Perfect Coffee - Outdoor Skills
Perfect Coffee - Outdoor Skills
To make perfect coffee, just two ingredients are necessary, and only two. These are water and coffee. It is owing to the bad management of the latter that we drink poor coffee.
There are establishments all over the country that make a business of browning the berry, and sending . it out in barrels to the retail grocer. It is all browned too lightly, and, kept loosely in barrels or boxes, it loses what little aroma it ever had, in a few days. We allow the grocer to run it on us, because it saves so much bother, this having our coffee ready browned and ground to our hands. But it is not the way to have good coffee. This can only be had by using the fresh browned, fresh ground berry, and plenty of it; and it must not be of a light brown, as often recommended. To brown it rightly, put a pound of the green berry into a large spider over a hot fire, and stir it constantly until it turns very dark, with a greasy appearance on the surface of the berry. Put it in a tight can at once, if intended for home use, and grind as wanted. If intended for the woods, grind it while hot, and can it tightly.
As for the best berry, Mocha is generally conceded first place, with Java a close second. It is the fashion at present to mix the two in proportions to suit, some taking two parts Java to one of Mocha, others reversing these proportions. Either way is good, or the Mocha is quite as good alone. But there is a better berry than either for the genuine coffee toper. This is the small, dark green berry that comes to market under the generic name of Rio, that name covering half a dozen grades of coffee raised in different provinces of Brazil, throughout a country extending north and south for more than 1,200 miles. The berry alluded to is produced along the range of high hills to the westward of Bahia, and extending north toward the Parnahiba. It has never arrested attention as a distinct grade of the article, but it contains more coffee or caffeine to the pound than any berry known to commerce. It is the smallest, heaviest and darkest green of any coffee that comes to our market from Brazil, and may be known by these traits. I have tested it in the land where it is grown, and also at home, for the past sixteen years, and I place it at the head of the list, with Mocha next. Either will make perfect coffee, if treated as follows: Of the berry, browned and ground, as before directed, take six heaping tablespoonfuls, and add three pints of cold water; place the kettle over the fire and bring to a sharp boil; set it a little aside where it will bubble and simmer until wanted, and just before pouring, drip in a half gill of cold water to settle it. That is all there is of it. The quantity of berry is about twice as much as useable given in recipes; but if you want coffee, you had better add two spoonfuls than cut off one.
In 1867, and again in 1870, I had occasion to visit the West India Islands and Brazil. In common with most coffee topers, I had heard much of the super excellence ascribed to "West India coffee" and "Brazilian coffee.' I concluded to investigate. I had rooms at the Hotel d'Europe, Para, North Erazil. There were six of us, English and American boarders. Every morning, before we were out of our hammocks, a barefooted, half naked Mina negress came around and served each of us with a small cup of strong, black coffee, and sugar ad libitum. There was not enough of it for a drink; it was rather in the nature of a medicine, and so intended—"To kill the biscos," they said. The coffee was above criticism.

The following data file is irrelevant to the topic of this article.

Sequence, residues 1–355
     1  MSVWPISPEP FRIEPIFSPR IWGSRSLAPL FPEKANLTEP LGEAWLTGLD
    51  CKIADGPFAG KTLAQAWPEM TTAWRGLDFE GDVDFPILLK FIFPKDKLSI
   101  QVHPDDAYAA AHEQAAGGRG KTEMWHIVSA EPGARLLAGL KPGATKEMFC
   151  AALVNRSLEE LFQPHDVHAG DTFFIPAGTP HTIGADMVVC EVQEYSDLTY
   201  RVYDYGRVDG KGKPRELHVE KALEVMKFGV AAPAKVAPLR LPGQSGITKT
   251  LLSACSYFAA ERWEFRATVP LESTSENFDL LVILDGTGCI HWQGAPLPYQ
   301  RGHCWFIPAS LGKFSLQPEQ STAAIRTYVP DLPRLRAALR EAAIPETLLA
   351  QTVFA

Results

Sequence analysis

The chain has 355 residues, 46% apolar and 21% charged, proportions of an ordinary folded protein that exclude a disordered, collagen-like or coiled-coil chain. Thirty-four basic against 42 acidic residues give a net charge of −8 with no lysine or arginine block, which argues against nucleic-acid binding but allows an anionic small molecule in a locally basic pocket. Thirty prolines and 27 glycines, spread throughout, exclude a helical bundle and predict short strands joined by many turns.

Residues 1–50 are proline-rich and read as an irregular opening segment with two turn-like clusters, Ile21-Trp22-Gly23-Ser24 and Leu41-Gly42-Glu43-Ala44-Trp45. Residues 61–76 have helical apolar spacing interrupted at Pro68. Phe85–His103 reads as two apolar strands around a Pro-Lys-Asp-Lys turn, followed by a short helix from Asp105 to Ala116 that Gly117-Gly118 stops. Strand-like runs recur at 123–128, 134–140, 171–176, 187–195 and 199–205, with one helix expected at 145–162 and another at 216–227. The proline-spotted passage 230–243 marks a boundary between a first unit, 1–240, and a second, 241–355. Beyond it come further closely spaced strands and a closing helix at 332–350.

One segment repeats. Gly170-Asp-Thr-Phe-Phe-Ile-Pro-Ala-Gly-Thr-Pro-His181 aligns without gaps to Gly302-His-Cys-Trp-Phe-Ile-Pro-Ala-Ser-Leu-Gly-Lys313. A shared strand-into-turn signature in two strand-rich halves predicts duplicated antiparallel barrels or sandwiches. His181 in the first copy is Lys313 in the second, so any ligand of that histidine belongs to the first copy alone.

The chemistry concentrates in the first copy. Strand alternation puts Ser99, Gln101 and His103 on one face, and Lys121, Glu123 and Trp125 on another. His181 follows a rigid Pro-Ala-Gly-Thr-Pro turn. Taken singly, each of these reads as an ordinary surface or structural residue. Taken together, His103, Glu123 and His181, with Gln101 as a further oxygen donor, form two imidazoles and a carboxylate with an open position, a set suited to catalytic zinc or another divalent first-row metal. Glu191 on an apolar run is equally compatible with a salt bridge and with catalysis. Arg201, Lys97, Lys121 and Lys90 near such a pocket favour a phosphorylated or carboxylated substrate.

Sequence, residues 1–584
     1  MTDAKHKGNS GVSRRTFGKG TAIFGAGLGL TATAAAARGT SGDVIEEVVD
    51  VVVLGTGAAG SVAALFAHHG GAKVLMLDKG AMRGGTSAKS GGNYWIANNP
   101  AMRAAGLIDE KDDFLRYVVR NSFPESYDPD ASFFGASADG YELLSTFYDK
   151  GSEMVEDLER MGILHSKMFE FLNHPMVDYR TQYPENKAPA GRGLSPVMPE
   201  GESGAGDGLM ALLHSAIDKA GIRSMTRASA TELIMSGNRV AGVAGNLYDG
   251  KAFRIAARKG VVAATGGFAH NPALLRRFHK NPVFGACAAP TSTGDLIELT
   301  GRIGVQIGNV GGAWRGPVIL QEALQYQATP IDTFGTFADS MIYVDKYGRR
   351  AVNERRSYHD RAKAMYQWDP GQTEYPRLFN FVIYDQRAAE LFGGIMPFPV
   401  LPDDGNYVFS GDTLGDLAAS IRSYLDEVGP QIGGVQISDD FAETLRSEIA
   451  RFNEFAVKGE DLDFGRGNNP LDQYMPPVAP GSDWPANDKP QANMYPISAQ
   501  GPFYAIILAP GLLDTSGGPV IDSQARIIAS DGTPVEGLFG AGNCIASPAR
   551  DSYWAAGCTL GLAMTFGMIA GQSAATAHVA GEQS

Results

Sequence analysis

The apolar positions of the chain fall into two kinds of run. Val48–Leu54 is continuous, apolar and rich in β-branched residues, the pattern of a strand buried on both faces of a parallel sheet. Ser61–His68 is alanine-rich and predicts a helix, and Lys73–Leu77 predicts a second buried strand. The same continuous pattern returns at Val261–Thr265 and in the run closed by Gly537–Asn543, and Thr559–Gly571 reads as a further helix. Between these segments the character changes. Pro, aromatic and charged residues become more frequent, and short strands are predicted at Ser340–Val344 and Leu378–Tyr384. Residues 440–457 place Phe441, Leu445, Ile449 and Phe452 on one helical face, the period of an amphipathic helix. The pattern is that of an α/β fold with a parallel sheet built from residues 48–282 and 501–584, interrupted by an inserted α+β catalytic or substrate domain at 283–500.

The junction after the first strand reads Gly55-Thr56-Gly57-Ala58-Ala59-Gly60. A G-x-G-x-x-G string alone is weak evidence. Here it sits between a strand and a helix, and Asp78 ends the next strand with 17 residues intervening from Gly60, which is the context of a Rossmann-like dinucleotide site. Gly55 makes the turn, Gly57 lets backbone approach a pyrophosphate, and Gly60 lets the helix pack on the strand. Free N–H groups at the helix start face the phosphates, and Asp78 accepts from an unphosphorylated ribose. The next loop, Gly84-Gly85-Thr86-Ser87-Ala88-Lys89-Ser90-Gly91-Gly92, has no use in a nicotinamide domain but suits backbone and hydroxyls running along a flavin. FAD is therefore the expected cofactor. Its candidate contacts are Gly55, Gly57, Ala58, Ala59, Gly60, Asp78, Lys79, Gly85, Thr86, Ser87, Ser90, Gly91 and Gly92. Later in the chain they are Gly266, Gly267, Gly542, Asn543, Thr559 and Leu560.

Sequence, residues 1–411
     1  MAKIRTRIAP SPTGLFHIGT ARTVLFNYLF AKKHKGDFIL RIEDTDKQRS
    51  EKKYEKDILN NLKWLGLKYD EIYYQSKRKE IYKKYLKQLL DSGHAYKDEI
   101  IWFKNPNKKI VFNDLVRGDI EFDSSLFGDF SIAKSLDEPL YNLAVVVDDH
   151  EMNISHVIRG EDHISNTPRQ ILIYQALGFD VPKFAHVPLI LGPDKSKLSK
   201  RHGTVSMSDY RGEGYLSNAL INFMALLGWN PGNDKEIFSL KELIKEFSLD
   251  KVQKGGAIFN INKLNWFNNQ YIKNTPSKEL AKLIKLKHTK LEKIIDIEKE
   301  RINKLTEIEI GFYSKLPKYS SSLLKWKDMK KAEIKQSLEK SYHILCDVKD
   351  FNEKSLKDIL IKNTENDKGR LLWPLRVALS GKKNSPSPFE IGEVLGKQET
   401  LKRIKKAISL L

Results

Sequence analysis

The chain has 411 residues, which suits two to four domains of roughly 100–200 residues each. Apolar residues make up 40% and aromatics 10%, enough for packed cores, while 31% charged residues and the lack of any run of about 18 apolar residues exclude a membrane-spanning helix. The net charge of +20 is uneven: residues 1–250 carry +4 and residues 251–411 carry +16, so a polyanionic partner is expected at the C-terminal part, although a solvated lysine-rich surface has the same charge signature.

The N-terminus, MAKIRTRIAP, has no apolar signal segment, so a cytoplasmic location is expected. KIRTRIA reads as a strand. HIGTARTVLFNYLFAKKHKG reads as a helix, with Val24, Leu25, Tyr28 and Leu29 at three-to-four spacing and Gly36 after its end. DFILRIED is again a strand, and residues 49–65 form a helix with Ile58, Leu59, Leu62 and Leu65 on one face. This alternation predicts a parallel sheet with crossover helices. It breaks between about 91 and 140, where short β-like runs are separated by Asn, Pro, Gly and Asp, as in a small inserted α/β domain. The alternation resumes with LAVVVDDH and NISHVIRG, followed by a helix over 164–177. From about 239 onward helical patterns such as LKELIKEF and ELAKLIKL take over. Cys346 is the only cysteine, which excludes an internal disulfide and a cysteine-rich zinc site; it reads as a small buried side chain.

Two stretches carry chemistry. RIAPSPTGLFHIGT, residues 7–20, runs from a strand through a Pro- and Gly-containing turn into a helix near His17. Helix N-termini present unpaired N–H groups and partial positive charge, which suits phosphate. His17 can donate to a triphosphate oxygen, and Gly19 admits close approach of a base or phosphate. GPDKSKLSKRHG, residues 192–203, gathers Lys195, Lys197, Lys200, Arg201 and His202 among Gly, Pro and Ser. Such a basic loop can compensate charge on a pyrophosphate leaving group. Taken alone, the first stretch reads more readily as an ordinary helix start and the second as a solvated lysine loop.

I went, in the dark of a tropical morning, with Senor Joao, to the coffee factory where they browned the berry, and saw him buy a pound, smoking hot, for which he paid twenty-five cents, or quite as much as it would cost in New York. In ten minutes the coffee was at the hotel, and ground. This is the way they brewed it: A round-bottomed kettle was sitting on the brick range, with a half gallon of boiling water in it. Over the kettle a square piece of white flannel was suspended, caught up at the corners like a dip net. In this the coffee was placed, and a small darky put in his time steadily with a soup ladle, dipping the boiling water from the kettle and pouring it on the coffee. There was a constant stream percolating through coffee and cloth, which, in the course of half an hour, became almost black, and clear as brandy. This was "Brazilian coffee." As the cups used were very small, and as none but the Northerners drank more than one cup, I found that the hotel did not use over two quarts of coffee each morning. It struck me that a pound of fresh Rio coffee berry ought to make a half gallon of rather powerful coffee.
On my arrival horns—not having any small darky or any convenient arrangement for the dip net—I had a sack made of light, white flannel, holding about one pint. Into this I put one-quarter pound of freshly ground berry, with water enough for five large cups. It was boiled thoroughly, and proved just as good as the Brazilian article, but too strong for any of the family except the writer. Those who have a fancy for clear, strong 'Brazilian coffee," will see how easily and simply it can be made.
Sears, George Washington. Woodcraft. New York: Forest and Stream Publishing, 1884.
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